01/29/2020 We signed a contract with (Company Name deleted) 6 months ago and our solar panels are still not connected. Called the 800 number and no one calls us back until we said we wanted to cancel. The project manager named xxxx in Raleigh area called us stating we are now his point of contact and we can trust him to get everything done. That was 6 weeks ago. We have tried to call him the past 2 weeks and he would not pick up or return our phone call. The saleperson Q lied about everything from it taking 6 weeks for everything to be up and running to us getting 1 year of payments for free. Now they tell us we’d only get a year free if we give them 5 referrals, and we can’t think of one person to refer to them after the service we’ve had. They placed the panels in a different place than agreed upon, salesperson Q gave us the number to call the installers and nobody ever called us back. When they came out to connect the panels we told them before they came we needed to leave by 4pm for a flight, they said it wouldn’t be a problem, they didn’t show up till 230PM. They didn’t finish the job, set up another day to come out and never showed up. We have been paying for solar panels that don’t work plus our electricity bill. We wanted to get out of the contract and pay 15% cost to be done with them but they said once the panels are installed we are responsible for the full cost. Avoid this company at all cost.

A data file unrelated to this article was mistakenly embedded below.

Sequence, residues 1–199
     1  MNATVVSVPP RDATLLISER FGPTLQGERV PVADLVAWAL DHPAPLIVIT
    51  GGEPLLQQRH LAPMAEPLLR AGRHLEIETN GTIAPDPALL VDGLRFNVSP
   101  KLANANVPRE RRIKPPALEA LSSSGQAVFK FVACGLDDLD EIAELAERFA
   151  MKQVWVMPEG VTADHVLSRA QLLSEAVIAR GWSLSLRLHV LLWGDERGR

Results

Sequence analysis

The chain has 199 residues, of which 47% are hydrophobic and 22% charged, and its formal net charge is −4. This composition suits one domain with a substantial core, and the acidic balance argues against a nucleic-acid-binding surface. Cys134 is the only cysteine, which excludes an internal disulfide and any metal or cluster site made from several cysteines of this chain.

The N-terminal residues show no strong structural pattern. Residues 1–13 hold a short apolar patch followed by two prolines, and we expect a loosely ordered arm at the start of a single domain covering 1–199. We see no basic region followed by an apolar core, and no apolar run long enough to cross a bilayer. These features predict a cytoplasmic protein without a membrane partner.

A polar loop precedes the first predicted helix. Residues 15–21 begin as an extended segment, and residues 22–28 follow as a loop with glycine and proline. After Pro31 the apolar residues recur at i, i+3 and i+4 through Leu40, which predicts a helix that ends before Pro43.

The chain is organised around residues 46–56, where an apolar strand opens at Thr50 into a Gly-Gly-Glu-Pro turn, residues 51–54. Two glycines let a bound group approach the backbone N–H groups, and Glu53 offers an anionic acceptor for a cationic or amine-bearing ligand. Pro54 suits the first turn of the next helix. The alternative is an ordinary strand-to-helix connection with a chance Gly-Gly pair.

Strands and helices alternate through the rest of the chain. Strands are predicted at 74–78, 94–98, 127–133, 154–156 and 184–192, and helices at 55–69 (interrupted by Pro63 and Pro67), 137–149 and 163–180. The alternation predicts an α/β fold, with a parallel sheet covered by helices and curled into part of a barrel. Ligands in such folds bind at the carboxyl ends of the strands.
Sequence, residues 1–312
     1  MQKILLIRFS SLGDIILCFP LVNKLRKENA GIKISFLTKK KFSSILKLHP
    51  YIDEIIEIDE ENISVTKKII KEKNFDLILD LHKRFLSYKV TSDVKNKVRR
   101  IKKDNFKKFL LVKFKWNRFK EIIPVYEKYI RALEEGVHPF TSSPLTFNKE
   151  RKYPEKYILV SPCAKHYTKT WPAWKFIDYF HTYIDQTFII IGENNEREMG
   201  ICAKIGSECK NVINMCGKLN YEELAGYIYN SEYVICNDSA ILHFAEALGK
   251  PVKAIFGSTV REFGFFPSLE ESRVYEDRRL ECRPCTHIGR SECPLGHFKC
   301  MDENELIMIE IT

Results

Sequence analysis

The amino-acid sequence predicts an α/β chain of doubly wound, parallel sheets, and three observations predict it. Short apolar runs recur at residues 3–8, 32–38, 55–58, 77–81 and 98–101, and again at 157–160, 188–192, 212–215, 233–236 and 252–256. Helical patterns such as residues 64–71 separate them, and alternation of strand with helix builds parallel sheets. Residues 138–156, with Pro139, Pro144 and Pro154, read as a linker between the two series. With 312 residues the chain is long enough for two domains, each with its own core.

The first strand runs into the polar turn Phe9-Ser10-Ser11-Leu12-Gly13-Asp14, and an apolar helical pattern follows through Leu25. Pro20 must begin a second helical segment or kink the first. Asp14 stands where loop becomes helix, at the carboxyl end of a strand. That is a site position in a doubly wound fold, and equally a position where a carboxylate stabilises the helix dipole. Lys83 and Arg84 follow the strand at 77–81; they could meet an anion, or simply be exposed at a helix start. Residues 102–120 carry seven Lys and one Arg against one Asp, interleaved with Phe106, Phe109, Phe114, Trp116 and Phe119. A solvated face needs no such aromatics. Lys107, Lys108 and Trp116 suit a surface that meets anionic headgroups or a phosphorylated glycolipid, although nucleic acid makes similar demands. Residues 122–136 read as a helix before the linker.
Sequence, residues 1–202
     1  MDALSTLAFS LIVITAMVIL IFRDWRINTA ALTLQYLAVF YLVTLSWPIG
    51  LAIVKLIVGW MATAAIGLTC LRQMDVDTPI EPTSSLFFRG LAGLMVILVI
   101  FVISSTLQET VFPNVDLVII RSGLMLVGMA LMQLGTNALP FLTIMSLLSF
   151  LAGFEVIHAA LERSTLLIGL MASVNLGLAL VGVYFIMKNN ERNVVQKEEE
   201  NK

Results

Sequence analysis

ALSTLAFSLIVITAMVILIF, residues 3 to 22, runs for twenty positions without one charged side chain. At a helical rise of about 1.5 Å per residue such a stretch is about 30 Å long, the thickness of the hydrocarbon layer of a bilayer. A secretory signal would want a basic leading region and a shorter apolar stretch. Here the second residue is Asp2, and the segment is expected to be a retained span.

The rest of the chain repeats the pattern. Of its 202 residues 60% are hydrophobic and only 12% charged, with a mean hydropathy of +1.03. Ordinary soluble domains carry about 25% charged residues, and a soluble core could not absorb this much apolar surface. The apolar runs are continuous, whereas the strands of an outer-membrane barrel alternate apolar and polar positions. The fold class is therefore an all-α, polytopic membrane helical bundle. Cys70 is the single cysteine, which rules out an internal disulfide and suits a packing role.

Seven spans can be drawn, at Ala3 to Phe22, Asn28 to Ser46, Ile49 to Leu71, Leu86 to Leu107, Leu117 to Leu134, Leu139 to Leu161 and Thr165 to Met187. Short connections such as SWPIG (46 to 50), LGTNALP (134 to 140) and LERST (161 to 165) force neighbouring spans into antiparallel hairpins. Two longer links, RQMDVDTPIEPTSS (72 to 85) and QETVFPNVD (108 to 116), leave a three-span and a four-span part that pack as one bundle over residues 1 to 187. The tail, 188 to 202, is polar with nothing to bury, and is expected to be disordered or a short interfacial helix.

Another complaint to this same company was that the customer signed a contract in October of 2018, with the understanding that it could take 16 weeks to install (it should not)! It took until April 2019 to install but the panels were still not connected in June when the loan payments started being due. When it was connected in July 2019 only half the panels worked.
Another customer had a system installed in November 2018 and applied for the Duke rebate in January 2019 but was put on the waitlist. That system was not interconnected until April 2019 and the solar company guaranteed the rebate if Duke did not award it. After a year on the waitlist, the customer filed a complaint with the BBB to get reimbursed.
Another customer had to file the interconnection request with Duke (after they figured out how to do it). He also had to call the inverter company to figure out how to turn it on. These are not issues the customer should have to worry about in a solar installation. It should be turnkey. That installers continue to do business this way is shocking and a stain on the industry.
The Local Solution
Most local solar companies are in it for the long term, especially those that have already survived for ten or more years. They have an investment in the community and in their brand and local references and positive reviews. There are some questions that still need to be verified, such as certifications and accreditations, electrical and general contractor licenses (in the company name), whether the installers are employees, etc. Sadly, there are local companies that still make spurious claims, being certified to sell and install the Tesla Powerwall, being nationally accredited by NABCEP, etc.
Yes Solar Solutions is an example of a local Cary, N.C. company with over ten years experience and thousands of projects completed, national accreditations and certifications and hands-on owner management. If you are considering solar, Yes could be the right answer for you. Give us a call 919-459-4155 or contact us below.